I've noticed that a variety of pieces in the classical repetoire (certainly at least the piano repetoire), label what seems to be effectively the same key signature differently. That is, I am not aware of any differences in terms of key between a piece in "G Sharp major" and "A flat major" (or their equivalent minors). Is there any reason that sometimes a sharped key signature is used while at other times the equivalent flatted key signature is used?

As a related point, I have undoubtedly noticed the preference of certain "equivalent" key signatures over others. For example, one encounters "E flat" significantly more than "D sharp" and likewise "C sharp" significantly more than "D flat". Is there any particular reason for this, or is it simply a convention that has been handed down to use through musical history?


4 Answers 4


The short (and oversimplified) answer is: Because Ab Major has fewer flats than G# Major has sharps, and thus it's easier for musicians to read. This becomes especially apparent with keys such as D# Major, which has a double-sharp in it---the seventh note of the D# Major scale is not D, but Cx (that's "C double-sharp").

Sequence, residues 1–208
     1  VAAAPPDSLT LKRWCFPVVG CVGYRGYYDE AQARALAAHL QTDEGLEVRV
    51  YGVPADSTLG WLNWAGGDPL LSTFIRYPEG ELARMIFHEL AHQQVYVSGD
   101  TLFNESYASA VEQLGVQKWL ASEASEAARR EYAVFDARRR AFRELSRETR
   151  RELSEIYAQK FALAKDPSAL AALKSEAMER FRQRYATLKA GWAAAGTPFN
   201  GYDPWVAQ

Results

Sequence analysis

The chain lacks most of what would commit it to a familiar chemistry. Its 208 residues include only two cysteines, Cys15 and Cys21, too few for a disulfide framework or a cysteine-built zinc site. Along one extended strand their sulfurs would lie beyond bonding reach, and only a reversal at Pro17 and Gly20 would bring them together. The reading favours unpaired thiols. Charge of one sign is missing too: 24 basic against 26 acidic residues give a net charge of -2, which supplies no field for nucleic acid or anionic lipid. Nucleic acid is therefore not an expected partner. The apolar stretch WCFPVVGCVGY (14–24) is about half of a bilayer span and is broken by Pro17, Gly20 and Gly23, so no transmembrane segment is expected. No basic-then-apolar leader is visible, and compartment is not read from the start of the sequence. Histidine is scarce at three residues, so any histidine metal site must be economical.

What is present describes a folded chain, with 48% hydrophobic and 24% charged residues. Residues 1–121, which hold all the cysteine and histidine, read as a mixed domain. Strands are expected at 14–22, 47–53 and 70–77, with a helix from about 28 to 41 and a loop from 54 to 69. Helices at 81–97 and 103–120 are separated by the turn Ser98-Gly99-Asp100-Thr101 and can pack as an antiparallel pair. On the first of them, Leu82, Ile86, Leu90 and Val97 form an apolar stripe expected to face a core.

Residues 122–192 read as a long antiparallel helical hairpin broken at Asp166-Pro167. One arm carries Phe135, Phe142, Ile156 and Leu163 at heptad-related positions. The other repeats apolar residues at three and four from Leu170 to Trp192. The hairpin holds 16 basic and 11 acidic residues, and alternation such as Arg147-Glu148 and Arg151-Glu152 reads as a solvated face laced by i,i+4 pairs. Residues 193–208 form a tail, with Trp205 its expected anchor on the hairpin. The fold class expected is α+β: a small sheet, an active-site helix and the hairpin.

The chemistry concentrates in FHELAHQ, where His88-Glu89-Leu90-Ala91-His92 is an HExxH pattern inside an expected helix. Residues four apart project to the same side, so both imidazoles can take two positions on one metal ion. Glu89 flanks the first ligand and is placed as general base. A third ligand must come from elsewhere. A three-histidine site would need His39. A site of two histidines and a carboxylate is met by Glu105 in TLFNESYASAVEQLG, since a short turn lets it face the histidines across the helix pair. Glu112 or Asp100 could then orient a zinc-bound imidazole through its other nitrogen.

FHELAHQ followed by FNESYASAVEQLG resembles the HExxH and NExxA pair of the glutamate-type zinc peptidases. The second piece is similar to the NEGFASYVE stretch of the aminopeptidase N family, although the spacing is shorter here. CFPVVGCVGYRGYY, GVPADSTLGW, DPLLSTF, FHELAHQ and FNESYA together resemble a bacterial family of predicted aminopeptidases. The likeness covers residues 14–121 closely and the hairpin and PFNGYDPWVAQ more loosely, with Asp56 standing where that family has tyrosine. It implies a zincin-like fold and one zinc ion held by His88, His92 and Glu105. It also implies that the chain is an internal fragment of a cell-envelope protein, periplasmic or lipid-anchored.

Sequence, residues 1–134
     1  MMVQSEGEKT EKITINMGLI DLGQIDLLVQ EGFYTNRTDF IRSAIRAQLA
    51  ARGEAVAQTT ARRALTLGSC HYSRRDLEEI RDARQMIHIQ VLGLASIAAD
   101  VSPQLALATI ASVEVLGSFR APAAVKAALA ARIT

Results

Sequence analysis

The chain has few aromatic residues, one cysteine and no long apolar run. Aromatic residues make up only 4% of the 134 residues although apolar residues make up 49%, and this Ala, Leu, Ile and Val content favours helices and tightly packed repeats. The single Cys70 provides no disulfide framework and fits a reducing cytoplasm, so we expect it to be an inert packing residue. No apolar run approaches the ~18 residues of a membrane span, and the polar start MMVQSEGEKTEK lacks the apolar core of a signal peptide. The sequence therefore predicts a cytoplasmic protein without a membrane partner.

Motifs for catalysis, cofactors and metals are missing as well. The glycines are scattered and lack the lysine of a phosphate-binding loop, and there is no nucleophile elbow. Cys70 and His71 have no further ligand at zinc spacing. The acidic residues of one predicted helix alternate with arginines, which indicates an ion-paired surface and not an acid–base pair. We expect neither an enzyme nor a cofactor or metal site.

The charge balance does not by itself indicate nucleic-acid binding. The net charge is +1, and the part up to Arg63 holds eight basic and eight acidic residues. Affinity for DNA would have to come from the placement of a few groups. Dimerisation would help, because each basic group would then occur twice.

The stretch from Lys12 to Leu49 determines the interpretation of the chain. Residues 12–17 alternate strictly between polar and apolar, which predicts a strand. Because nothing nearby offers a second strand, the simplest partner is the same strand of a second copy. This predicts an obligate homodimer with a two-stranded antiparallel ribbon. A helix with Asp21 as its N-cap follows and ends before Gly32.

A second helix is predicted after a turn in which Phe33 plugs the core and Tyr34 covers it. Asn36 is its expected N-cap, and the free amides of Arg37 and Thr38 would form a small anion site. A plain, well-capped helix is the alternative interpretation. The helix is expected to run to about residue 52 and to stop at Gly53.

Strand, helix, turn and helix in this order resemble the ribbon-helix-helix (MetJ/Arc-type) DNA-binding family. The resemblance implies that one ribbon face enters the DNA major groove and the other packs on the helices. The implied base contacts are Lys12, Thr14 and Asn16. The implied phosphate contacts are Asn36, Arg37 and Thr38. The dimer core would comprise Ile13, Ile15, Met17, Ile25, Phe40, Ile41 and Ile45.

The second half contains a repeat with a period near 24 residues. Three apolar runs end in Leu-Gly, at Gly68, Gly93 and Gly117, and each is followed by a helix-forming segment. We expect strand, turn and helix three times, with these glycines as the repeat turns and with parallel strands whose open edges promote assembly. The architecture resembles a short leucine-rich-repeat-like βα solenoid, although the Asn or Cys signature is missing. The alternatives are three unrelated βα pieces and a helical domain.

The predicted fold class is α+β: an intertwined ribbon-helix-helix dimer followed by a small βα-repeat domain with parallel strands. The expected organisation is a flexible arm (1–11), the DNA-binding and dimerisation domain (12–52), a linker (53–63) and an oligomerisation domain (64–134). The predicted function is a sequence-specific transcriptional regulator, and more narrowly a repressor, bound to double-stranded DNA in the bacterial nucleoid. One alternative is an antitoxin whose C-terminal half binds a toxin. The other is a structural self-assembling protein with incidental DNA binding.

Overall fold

The longer and more accurate answer is that these keys are not in fact equivalent. Only in an equal-tempered tuning system do G# and Ab have the same pitch, Eb and D# have the same pitch, etc. That is, only in equal temperament do enharmonically equivalent notes actually have the same pitch. In every other tuning system, the enharmonically equivalent notes are slightly (but definitely noticeably) different from each other. If you've only been exposed to fixed-pitch instruments such as the piano and the guitar, this concept can be challenging at first, but violinists, wind, and brass players know that their intonation depends on the context of the key in which they're playing.